At least one commenter has expressed disappointment that I was not reviewing each episode of Under the Dome during its third season. I'm disappointed, too; but the move to Thursdays made it nearly impossible for me to do so in a timely fashion (unless I'm on vacation, I work every Thursday, Friday, and Saturday night), so I decided to just opt out.
I have been watching, though, and I thought it would be worth logging on tonight and dashing off a few brief words about the season in whole now that it has finished.
Spoilers ahead, so beware.
First things first: if you were not already aware, the show has been canceled. The ratings had dropped heavily since the show debuted, and I guess CBS must finally have decided the bleedoff was not stanchable.
The producers must have sensed it coming, so they decided to structure the season in such a way that it could serve as a series finale AND as a directional indicator for a potential fourth season.
When the series debuted, there was much handwringing on the part of the writers and producers designed to let audiences know that the source of the dome would be different than it had been in King's novel. There, the dome was revealed to be essentially a science experiment enacted by incredibly powerful alien children; these aliens were so far advanced compared to humanity that it seems possible that they did not even know they were being cruel. The comparison King put in the mouths of his characters (if I remember this correctly -- and if I don't, please correct me) was that to them, the people under the dome were nothing more than ants under a magnifying glass.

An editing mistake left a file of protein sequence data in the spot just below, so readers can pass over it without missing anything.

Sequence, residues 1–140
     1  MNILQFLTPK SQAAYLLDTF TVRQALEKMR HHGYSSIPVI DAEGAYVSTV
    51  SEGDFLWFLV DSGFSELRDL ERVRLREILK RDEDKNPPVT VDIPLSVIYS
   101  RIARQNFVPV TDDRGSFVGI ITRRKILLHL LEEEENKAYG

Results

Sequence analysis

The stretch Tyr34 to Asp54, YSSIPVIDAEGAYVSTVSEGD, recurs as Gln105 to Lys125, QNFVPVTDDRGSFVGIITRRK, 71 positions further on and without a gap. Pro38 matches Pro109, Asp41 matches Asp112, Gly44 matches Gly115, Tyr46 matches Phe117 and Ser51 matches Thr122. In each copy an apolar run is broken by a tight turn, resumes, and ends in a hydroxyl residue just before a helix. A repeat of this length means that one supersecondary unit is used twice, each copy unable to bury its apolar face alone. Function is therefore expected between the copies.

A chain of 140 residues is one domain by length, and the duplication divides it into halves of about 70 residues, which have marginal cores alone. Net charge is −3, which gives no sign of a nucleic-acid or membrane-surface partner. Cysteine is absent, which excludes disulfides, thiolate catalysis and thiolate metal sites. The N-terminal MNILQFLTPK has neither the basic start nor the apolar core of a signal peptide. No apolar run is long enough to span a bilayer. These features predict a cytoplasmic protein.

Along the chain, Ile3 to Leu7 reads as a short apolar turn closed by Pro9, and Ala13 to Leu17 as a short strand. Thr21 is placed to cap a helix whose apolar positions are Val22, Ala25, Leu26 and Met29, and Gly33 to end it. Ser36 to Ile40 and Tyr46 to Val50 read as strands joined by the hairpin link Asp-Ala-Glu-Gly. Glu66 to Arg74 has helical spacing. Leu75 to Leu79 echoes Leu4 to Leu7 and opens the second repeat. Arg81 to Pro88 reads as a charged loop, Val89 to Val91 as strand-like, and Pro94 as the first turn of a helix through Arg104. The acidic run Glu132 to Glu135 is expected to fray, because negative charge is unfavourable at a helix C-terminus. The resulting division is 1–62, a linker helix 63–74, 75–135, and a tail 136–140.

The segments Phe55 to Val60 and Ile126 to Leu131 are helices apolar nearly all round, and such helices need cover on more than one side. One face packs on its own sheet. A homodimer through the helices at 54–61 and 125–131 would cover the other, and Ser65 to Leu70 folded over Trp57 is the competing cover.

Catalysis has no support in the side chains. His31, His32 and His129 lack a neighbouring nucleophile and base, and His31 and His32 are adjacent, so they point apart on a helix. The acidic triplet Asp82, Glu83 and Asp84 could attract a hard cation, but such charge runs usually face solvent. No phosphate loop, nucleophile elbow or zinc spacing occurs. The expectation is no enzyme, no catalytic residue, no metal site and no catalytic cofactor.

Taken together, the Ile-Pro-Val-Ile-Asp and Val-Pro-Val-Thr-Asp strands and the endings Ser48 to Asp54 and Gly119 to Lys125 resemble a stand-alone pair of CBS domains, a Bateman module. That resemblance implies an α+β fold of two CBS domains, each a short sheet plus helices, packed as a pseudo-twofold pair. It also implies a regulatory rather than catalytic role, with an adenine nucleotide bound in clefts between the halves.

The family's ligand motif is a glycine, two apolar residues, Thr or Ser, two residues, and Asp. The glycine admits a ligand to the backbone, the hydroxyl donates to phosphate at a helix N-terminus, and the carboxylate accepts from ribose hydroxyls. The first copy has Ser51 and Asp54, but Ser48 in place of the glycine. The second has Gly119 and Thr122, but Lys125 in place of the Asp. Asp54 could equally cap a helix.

For whatever reason, readers by the scores could not get on board with this. I was not among their number; I thought the revelation was appropriate, unsettling, and highly memorable. But I'm in what seems to be a silent minority, because for the most part the Internet lost its flippin' mind over how much it hated that aspect of the novel. So, in understandable fashion, the people making the television adaptation were quick to say, "Oh, but we're not doing THAT bullshit!"